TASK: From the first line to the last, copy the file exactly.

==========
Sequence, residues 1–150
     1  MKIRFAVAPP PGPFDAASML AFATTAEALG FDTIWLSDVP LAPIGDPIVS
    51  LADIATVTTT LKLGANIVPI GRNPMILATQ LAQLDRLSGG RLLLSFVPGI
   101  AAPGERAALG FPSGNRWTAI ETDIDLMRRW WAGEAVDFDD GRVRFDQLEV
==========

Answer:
Sequence, residues 1–150
     1  MKIRFAVAPP PGPFDAASML AFATTAEALG FDTIWLSDVP LAPIGDPIVS
    51  LADIATVTTT LKLGANIVPI GRNPMILATQ LAQLDRLSGG RLLLSFVPGI
   101  AAPGERAALG FPSGNRWTAI ETDIDLMRRW WAGEAVDFDD GRVRFDQLEV